Siraj, the hero we need to be
Sundaresan, who lives in Australia, begins the piece by giving examples of how casually he’s discriminated against during the course of daily life in that country. [In case you are feeling smug as an Indian reading this piece, you should reflect on our how we discriminate against people from North India East in our own country.] Sundaresan then quotes cricketer Ravi Ashwin’s experience of being racially abused in Australia: “”I had no clue about racial abuse and how you can be made to feel small in front of so many people. And the people actually laugh at you when you get abused, When I stood at the boundary line you wanted to stand another 10 yards in to keep yourself away from these things.”
That’s what racial abuse does to you. It belittles you. It makes you feel “small” like Ashwin said.”
Countless cricketers – Indian or otherwise – have been racially abused like this for decades. It is in this historical context that what Siraj did (after being subject to racial abuse by the spectators) during the Sydney test match is so remarkable: “Siraj would have felt quite tiny in the face of it. Yes, he’d been told by his senior teammates that he should bring it to their attention if he did hear something. But to be able to do so, not once but twice, and that too during the course of a Test match talks of true character. You need to be brave to stand up to discrimination. It’s not easy. For, your first instinct in such instances is to get defensive, maybe even scared. Or look for other escape routes, making a joke like in my case.
Siraj though did what we all should aspire to do by standing up to his abusers. As he walked down from fine-leg at the Randwick End and informed the umpires about it a few minutes before the tea-break, he went from victim to hero in an instant. And you can just hope that it becomes a symbol of change. He’s not the first overseas cricketer to receive a spray from the crowd at an Australian ground. But he’s now hopefully set a precedent that cricketers don’t necessarily need to just stand by and let it happen.”
Sundaresan then reflect on the lessons he has learnt from watching Siraj’s courageous conduct: “Far too often, I’ve been guilty of trivialising racism because I believe I’m thick-skinned. By exaggerating my own stereotype. At times, by even passing unsavoury comments about my own self, just because it makes someone else saying it feel normal. It’s wrong though. I cannot be desensitising the matter to such an extent that I indirectly give someone the go-ahead to be vile to someone else. That would be like some former cricketer in India suddenly rubbishing the Siraj incident saying, “Oh no big deal, I endured the same when I played there”.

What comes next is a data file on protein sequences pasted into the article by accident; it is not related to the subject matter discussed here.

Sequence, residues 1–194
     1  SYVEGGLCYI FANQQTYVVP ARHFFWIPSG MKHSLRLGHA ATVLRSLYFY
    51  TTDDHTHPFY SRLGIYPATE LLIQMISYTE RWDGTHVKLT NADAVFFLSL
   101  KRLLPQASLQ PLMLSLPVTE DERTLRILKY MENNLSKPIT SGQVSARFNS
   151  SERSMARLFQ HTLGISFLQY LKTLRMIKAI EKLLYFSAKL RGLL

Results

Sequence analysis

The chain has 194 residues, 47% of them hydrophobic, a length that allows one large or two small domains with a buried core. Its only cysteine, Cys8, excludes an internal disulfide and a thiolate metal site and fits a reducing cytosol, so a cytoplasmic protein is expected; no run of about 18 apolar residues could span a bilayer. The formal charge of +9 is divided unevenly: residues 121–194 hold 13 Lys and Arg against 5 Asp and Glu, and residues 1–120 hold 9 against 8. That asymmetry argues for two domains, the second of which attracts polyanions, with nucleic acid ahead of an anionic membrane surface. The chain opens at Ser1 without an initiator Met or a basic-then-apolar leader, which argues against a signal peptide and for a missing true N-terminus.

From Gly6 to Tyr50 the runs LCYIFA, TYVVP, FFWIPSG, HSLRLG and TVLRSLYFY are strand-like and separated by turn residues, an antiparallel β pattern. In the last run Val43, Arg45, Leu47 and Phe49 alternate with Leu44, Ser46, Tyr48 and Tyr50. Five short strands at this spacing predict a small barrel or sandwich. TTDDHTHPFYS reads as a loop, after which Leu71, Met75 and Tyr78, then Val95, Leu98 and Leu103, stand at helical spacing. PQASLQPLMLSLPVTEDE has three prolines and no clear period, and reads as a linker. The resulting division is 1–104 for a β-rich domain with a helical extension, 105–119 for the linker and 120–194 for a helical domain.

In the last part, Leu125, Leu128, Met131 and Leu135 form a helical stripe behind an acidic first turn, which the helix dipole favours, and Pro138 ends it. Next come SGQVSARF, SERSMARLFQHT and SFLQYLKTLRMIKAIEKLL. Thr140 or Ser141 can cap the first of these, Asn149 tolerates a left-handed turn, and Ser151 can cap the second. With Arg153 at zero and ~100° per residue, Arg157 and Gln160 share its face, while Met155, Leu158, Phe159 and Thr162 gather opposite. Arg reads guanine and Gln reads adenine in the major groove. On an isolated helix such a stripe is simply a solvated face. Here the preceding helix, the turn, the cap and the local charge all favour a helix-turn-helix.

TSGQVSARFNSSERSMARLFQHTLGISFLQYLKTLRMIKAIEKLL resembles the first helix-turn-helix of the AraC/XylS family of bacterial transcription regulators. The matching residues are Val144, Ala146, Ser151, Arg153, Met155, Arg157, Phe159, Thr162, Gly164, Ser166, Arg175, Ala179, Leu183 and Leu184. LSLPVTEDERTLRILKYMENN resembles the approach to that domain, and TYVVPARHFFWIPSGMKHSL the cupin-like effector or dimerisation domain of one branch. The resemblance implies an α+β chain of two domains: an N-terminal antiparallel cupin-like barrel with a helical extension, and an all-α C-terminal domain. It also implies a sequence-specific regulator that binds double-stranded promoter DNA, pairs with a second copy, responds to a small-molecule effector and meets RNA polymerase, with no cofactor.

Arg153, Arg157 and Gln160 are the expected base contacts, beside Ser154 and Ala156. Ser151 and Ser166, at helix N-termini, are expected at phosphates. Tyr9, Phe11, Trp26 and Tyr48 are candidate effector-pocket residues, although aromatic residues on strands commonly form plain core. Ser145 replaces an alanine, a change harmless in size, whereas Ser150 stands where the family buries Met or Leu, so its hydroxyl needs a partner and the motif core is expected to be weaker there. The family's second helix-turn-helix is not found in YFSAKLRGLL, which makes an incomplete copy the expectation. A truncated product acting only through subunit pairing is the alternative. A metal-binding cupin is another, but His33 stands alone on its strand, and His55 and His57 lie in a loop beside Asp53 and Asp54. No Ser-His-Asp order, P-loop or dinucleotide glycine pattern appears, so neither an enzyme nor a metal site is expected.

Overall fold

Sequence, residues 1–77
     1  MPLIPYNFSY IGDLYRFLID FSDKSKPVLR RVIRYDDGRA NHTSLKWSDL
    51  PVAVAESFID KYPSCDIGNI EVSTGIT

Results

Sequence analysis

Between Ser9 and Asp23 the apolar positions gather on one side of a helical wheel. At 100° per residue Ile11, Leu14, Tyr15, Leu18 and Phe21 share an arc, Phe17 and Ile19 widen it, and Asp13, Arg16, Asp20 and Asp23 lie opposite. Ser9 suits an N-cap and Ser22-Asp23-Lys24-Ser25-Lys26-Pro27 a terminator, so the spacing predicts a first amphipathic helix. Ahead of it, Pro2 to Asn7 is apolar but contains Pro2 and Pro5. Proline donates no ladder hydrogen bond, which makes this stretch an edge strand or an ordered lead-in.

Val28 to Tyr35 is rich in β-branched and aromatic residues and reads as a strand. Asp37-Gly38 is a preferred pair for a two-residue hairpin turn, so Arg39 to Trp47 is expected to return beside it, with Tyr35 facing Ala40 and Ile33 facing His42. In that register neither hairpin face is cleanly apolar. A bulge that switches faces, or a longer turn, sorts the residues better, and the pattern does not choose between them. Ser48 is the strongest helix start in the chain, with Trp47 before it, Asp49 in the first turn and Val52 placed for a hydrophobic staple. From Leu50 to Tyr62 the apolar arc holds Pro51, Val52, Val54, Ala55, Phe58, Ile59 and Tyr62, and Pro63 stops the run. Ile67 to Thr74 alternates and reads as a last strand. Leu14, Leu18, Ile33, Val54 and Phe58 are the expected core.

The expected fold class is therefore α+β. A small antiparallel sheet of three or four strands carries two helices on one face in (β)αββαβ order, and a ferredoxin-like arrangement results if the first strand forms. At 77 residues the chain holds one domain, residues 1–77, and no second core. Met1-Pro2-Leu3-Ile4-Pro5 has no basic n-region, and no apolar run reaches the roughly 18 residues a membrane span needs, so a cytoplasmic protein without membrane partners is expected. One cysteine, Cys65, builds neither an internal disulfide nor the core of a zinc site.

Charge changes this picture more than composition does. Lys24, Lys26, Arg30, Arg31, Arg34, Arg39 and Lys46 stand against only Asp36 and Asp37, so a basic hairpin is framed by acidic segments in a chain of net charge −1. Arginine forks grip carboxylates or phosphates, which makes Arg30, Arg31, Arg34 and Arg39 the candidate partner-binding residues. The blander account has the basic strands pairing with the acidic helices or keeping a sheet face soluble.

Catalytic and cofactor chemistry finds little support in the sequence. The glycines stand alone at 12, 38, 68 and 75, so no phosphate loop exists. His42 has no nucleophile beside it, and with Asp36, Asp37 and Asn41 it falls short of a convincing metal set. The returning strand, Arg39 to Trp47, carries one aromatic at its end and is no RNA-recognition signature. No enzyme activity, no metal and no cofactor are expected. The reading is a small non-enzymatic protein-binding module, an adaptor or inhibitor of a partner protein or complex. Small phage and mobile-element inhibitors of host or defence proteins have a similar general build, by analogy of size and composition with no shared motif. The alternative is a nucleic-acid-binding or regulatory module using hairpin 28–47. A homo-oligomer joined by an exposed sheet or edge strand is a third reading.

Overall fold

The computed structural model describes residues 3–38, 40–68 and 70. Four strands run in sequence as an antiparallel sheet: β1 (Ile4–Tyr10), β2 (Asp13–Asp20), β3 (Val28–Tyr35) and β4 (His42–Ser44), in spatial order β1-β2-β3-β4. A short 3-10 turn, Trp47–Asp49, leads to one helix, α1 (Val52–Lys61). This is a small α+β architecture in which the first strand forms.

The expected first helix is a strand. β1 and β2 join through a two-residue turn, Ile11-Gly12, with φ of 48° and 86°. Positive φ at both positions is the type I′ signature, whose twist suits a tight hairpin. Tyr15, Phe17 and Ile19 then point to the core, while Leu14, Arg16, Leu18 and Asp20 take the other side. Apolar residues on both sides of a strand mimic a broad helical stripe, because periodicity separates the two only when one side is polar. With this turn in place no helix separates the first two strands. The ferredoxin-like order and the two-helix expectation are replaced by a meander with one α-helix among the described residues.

Respect for someone else begins with being able to say their name right first. So maybe the key is to sit someone down and help them say yours right – maybe explain it phonetically – rather than be ok with having it made a mockery of. Saying Cheteshwar Pujara should not be that difficult.
I was on a talkback radio show as a guest a month or so back when I overheard a former cricketer, who was the studio guest, making a mockery of my second name and then laughing, blissfully unaware that I could hear all of it. So when they finally came to me, I made it a point to tell him that Sundaresan if anything was quite a straightforward name to pronounce if one simply focused on each syllable. He not only sounded apologetic but even managed to start saying it right.
I now look back at that moment with a sense of pride. That was if anything me doing what Siraj would do at the SCG. It was in retrospect my moment to be a hero and I ended up being one. But like Siraj showed us today, it’s never a one-off. It’s about sticking with it. It’s about being the change every day. It’s about calling them out on every occasion. It’s about being a hero all the time.”